The Canadian Forestry Corps decided to use a light railway to move felled logs to their sawmill. The mill was constructed adjacent to the GER mainline railway.
The light railway was laid to 3 foot gauge, as used at other CFC operations in Britain.
Clearing the route of the light railway commenced in July 1918. At the same time arrangements were made to strengthen the bridge over the River Ouse to so as to carry the weight of the railway locomotive.
At least part of the light railway was ready for use by the end of October 1918 and transport of logs to the mill started on November 15th.
Owing to the soft nature of the ground near the river and its liability to floods, cribbing was necessary. This was reported to have stood the test of the locomotive and loaded trucks very well. Owing to the scattered nature of the timber at this operation, it was decided that the whole of the hauling of the logs to the Mill would be by light railway.
In the November 1918 monthly summary, it was reported that: The progress of laying steel through the bush operations at Downham Hall continues and many difficulties have been successfully overcome. The logs are transported to the Mill on log cars constructed by personnel of the Company and hauled by a locomotive. The steel is rapidly approaching the Brandon-Thetford road which it is proposed to cross to access the belt of timber lying to the south part of the operation.
On 7th November 1918, the West Suffolk County Council granted permission for the light railway to cross the Brandon to Thetford Main Road provided that the railway was laid at right angles to and level with the road surface; check rails were inserted to retain material on center in position which is to be made up with tarred granite; the outside margin to be made up with tarred material for a width of between 12 and 16 inches and 3 to 4″ in thickness; the military authority to indemnify the County Council for all claims and accidents; crossing to be removed and road re-instated when hauling of timber is complete.
A branch line to serve the POW camp was proposed in October 1918. The same month a plan was prepared showing the light railway line of the CFC over the private bridge and round to the mill, and also the track of the wooden built-up causeway for the light railway, also the track into the forest. Sadly this plan has not yet come to light!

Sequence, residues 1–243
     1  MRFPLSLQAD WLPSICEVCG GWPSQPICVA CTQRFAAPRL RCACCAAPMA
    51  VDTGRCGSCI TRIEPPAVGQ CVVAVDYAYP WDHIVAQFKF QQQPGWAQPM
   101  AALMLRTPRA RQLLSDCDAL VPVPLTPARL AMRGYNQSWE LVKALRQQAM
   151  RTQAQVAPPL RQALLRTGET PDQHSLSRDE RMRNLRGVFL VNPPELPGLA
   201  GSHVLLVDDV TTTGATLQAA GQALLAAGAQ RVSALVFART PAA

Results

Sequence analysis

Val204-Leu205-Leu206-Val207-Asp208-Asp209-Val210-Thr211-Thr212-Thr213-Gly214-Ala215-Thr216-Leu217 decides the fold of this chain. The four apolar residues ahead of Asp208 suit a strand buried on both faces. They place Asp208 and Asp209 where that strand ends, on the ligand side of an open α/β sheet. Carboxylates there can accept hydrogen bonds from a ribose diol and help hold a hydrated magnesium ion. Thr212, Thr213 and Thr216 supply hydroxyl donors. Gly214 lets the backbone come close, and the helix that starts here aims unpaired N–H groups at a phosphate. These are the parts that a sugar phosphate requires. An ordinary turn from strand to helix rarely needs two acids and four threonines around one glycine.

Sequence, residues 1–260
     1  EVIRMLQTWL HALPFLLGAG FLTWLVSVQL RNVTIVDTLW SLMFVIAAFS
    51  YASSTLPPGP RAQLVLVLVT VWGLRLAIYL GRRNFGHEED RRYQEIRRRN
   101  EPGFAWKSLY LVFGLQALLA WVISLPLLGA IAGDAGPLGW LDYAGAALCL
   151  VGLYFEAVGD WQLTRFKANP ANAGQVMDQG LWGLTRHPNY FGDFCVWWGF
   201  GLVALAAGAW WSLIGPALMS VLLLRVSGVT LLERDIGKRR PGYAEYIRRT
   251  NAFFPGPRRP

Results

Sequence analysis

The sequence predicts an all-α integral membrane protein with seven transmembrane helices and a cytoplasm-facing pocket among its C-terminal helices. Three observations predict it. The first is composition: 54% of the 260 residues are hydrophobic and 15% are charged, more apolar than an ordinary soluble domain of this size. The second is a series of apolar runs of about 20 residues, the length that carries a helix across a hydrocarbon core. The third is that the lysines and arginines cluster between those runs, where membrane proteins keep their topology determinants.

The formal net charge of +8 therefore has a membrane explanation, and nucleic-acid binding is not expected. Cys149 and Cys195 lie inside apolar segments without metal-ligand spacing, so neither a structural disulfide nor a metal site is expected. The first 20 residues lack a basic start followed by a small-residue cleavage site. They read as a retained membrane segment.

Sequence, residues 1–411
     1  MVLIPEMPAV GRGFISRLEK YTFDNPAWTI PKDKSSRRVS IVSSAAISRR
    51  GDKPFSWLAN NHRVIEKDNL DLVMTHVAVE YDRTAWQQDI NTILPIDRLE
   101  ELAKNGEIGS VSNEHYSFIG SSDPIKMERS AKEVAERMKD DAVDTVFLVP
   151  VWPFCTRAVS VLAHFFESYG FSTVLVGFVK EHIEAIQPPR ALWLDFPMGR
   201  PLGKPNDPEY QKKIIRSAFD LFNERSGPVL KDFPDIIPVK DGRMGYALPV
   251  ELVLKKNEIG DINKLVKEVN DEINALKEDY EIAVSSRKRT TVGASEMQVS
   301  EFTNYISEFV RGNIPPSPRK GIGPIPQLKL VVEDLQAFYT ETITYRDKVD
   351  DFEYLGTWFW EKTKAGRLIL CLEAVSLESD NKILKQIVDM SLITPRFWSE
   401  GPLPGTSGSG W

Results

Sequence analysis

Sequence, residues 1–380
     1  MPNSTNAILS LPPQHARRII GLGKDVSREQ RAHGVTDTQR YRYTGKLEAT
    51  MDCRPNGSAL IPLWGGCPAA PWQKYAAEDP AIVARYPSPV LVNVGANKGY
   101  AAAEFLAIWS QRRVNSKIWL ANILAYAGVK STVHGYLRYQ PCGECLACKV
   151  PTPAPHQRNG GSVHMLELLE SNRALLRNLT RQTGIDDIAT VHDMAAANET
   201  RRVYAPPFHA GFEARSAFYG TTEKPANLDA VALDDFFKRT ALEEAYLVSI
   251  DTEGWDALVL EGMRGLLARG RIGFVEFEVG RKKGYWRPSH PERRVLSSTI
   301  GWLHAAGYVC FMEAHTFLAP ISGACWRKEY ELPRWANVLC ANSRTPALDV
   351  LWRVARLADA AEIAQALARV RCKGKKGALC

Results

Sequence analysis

The last reference to the railway in the CFC correspondence comes at the end of March 1919, when it is noted that The proprietors [of Downham Hall] now propose to take back the whole operation and to take over the sawmill, rails and pay the costs of the operation up to date.
Although there are records of three Bagnall engines being sent to Downham Hall, it appears that the line was for the most part operated by just one locomotive. According to the 126th Company correspondence files the valuation made at the close of Canadian operations references "Technical Equipments including mill machinery locomotive, rails etc." at a value of £9500.
According to The Industrial Railway Society, the three Bagnall locomotives were all built in 1919. No 2081 was supplied new to Downham Hall and transferred later in the year to 105 Company Canadian Forestry Corps in Dorset.
No 2085 arrived in Suffolk by July 1919 and was returned to the manufacturer before the end of the year.
No 2086 was at Downham Hall by September 1919. This loco was included in the sale of the timber operations to the Downham Syndicate on 10th December 1919. It was included in the closing sale of the syndicate in June 1922
As yet, we have found no evidence for the identity of the locomotive(s) used in the period from the line's opening in November 1918 until the arrival of the first Bagnall in 1919.
The line was lightly built, with no significant civil engineering works. As a result, it is difficult to be sure of its exact route. From the river bridge to the mill, the line probably followed the road. The level was maintained using crib work (essentially piles of logs forming an interlocking structure).
South of the river the route is much more conjectural, but following field surveys three potential routes have been identified. All three routes followed existing roads, tracks and gaps between the early plantations. All can be followed on the ground today.
After crossing the river, the line turned west to pass alongside the cottages, through the farmyard and then crossed in front of Downham Hall The line then climbed to run along (or beside) the road to Brandon. Turning southwards, the line crossed the Brandon-Thetford road and made its way to High Lodge following the route of the modern entrance drive. A branch line diverged immediately south of the river bridge and followed an almost level route to Little Lodge Farm.
This route would also have the line passing Downham Hall. It then continued west before turning in a southerly direction to take a direct route to High Lodge. This route crossed the minor road from Santon Downham to Brandon before making its way through he area know as Stonepits to cross the Brandon - Thetford road. It then followed what is now a division between two forestry compartments. As with Route 1, a branch line connected to Little Lodge Farm
The line turned south-eastwards from the river and proceeded to Little Lodge Farm. Part way along this route a second line to headed off to the south-west, along what is nowadays a footpath, before running along the old Elveden road to reach High Lodge
Which, if any, of these conjectured routes was the true course of the light railway is yet to be determined. Should further evidence come to light it will be included here